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A Changing Policy Climate
By: Daniel Yergin
What a difference a year can make. In twelve months the center of gravity has strikingly shifted in the debate over U.S. climate
change policy. Eleven states have developed mandatory greenhouse gas limits. More corporations are calling for federal policy. And
numerous studies and media stories, including the report this month from the United Nations Intergovernmental Panel on Climate
Change and Al Gore's movie, are tipping the scale of public opinion.
But the biggest difference is in Congress. Since January, Capitol Hill has been inundated with a wave of climate bills. At this point, a
federal climate policy seems inevitable. That's certainly what many electric power company senior executives think. More than 80
percent of those polled in CERA's most recent executive power survey expect a mandatory carbon policy by 2015.
But designing a U.S. climate change policy is a big undertaking. It may be difficult to reach a consensus in this Congress; however,
a real debate is underway. At the very least, that debate will be an important prelude to the 2008 presidential election and a signal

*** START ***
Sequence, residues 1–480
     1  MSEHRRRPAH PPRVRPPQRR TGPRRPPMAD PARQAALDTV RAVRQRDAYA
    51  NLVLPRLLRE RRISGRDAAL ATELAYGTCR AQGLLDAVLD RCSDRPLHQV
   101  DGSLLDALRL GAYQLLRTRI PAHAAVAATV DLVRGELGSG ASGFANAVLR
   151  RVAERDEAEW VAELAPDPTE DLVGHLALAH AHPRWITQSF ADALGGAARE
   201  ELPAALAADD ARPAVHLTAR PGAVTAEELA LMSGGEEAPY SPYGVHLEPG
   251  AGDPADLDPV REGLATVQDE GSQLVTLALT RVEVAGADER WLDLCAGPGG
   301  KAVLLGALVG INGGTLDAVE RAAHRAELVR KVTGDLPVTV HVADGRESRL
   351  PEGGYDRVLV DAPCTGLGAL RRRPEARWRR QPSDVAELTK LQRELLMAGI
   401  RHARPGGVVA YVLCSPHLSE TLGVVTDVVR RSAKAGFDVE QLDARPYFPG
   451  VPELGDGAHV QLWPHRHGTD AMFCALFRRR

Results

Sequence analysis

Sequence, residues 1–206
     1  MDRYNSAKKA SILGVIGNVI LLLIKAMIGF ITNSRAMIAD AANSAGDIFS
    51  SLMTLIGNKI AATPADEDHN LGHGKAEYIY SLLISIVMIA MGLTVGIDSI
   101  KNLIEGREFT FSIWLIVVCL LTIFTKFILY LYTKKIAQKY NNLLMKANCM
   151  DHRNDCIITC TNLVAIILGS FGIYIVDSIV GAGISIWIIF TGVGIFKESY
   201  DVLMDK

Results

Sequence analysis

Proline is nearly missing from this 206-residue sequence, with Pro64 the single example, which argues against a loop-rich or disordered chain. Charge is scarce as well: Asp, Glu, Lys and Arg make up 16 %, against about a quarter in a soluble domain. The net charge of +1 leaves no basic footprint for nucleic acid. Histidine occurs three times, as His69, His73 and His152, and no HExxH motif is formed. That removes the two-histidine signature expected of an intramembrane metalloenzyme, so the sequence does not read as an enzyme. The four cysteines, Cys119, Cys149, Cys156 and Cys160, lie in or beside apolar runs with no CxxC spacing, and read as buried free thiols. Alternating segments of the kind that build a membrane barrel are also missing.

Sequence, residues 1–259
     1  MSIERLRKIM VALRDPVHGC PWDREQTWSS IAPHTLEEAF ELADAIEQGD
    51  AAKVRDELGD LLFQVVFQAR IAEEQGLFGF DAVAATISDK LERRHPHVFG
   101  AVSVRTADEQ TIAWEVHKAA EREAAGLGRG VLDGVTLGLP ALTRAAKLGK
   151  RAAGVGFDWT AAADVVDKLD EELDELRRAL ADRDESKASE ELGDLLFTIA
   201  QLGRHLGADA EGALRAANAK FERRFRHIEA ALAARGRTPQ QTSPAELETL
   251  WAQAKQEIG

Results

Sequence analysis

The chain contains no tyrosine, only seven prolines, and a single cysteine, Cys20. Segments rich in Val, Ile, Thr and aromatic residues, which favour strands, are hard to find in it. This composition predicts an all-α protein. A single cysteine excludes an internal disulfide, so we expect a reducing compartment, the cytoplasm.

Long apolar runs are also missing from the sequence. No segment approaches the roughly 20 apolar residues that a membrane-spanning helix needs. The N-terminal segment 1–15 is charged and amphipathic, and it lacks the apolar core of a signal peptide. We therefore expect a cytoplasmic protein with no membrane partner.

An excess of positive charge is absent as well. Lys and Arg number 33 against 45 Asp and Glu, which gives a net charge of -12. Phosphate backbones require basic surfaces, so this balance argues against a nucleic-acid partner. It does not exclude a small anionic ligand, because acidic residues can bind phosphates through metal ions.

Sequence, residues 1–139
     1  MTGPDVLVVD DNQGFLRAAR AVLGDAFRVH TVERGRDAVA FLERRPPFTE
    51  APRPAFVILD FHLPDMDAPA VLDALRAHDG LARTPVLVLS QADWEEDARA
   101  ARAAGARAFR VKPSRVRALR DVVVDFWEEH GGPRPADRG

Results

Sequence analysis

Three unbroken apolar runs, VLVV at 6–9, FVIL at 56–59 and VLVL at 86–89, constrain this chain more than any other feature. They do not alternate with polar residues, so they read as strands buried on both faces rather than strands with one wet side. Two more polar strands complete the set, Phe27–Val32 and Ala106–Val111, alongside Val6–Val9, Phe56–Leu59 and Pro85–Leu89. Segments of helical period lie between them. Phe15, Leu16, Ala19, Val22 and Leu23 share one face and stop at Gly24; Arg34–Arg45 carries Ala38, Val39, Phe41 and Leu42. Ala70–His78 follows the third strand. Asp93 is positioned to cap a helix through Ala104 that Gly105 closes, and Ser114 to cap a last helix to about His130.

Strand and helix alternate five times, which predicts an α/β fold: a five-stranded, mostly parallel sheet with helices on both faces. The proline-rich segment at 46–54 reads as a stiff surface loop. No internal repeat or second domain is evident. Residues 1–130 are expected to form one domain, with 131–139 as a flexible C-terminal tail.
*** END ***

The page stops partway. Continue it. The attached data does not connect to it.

that climate policy is moving to the front and center of U.S. politics.
The Bush Administration's existing climate change policies emphasize research, technology development and public-private
partnerships such as the Asia-Pacific Partnership on Clean Development and Climate. The new policy proposals would move to a
mandatory approach of regulating carbon dioxide (CO2) emissions.
These bills seek to accelerate investments in lower emitting fuels and technologies by setting specific emissions targets.
The obvious questions for setting these emissions targets are, "What level of reductions will be required?" and "On what timetable?"
We will hear much discussion about these in the coming months. But
there are other, less obvious questions that will really chart the course for U.S. climate policy.
To start, policymakers will need to decide any program's s